For Heart Health
Organizations like the American Heart Association and Centers for Disease Control recommend 150 minutes per week of moderately intense exercise, or 75 minutes of vigorous aerobic exercise. Moderately intense exercise would be similar to a power walk, while vigorous activity would be jogging on a treadmill at approximately 5 mph or faster. Aim for 30 minutes of exercise at a time, five times a week.
If you can’t manage to exercise five times each week or for 30 minutes, do what you can. Taking a brisk walk or getting on an exercise bike for 15 minutes can help. Playing tennis, jogging or swimming once a week is beneficial — just don’t push yourself and try to get in a week’s worth of exercise in one session.
NOTE: According to the American Heart Association, three, 10-minute workouts during the day provides the same benefit as a 30-minute workout.
For Weight Loss
Exercising for weight loss will only work if you control your calories. You will probably need to raise your workout times to 60 minutes per session for significant weight loss. This may be too much for many people at first, so learn how to get into exercise by reading our article on Beginner Workouts.
Try to create exercise sessions five days per week if you want to lose 1 to 2 pounds of weight per week, which is the maximum healthy weight-loss goal recommended by credible health organizations. If you can work out in front of the TV for 30 minutes before dinner most nights and do more or longer vigorous activity on the weekend, that will help. If you’re grazing, your afternoon snack will help prevent you from coming home so famished you can’t wait for dinner and be too full to exercise afterwards. Having a healthy afternoon snack at the office will prevent you from coming home “starved,” eating dinner, then feeling too full to work.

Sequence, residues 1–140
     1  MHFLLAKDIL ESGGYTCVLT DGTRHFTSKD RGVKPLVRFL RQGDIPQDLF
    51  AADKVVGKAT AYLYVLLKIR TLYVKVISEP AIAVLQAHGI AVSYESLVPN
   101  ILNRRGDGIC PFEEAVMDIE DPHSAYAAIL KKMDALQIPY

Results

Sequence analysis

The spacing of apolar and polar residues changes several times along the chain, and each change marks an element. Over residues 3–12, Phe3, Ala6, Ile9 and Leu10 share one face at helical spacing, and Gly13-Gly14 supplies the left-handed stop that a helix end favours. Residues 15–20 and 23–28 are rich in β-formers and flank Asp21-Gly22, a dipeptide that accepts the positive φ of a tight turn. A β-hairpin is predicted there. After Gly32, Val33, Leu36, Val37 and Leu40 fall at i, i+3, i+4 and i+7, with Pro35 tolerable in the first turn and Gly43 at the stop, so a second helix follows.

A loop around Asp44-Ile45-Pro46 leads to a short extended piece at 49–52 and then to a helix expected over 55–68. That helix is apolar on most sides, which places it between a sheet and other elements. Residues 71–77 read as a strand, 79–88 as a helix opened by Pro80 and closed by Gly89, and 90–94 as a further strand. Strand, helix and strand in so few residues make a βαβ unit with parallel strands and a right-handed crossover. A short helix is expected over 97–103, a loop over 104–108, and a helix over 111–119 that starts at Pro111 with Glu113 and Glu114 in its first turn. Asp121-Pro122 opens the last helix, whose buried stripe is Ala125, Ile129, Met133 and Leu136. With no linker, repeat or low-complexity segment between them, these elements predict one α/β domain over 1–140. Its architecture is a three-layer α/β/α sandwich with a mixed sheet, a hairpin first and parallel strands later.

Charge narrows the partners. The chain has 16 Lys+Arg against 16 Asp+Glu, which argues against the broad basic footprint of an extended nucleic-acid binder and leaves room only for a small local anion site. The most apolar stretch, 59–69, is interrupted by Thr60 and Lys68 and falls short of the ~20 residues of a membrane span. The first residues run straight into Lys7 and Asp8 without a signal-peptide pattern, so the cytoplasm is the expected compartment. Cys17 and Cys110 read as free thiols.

For Improved Cholesterol
Your blood cholesterol includes low-density lipoproteins (LDL), which is your “bad cholesterol,” and high-density lipoproteins (HDL), or “good cholesterol.” HDL can actually reverse some of the impact of LDL. According to the Mayo Clinic, regular aerobic exercise raises your HDL levels. You’ll also get the added benefits of burning calories and strengthening your heart.
Less Can Be More
Rather than trying to do an intense, one-hour workout once or twice each week, try to schedule 10- to 15-minute workouts, as simple as power walking, biking, walking stairs or hula hooping. If you only budget time for two 30- or 60-minute workouts each week and you have to cancel one, you’ll go a week without exercise. Doing shorter workouts may be easier to do more often.
You can break your workouts into 10-minute session, two or three times each day. According to the American Heart Association, “Research shows that moderate-intensity physical activity can be accumulated throughout the day in 10-minute bouts, which can be just as effective as exercising for 30 minutes straight.”
Regular weight-bearing exercise also helps improve bone health, especially important for adult women and seniors. Use dumbbells or resistance bands to perform 10 to 15 repetitions of exercises that work your arms, leg and core, and include strength training twice each week.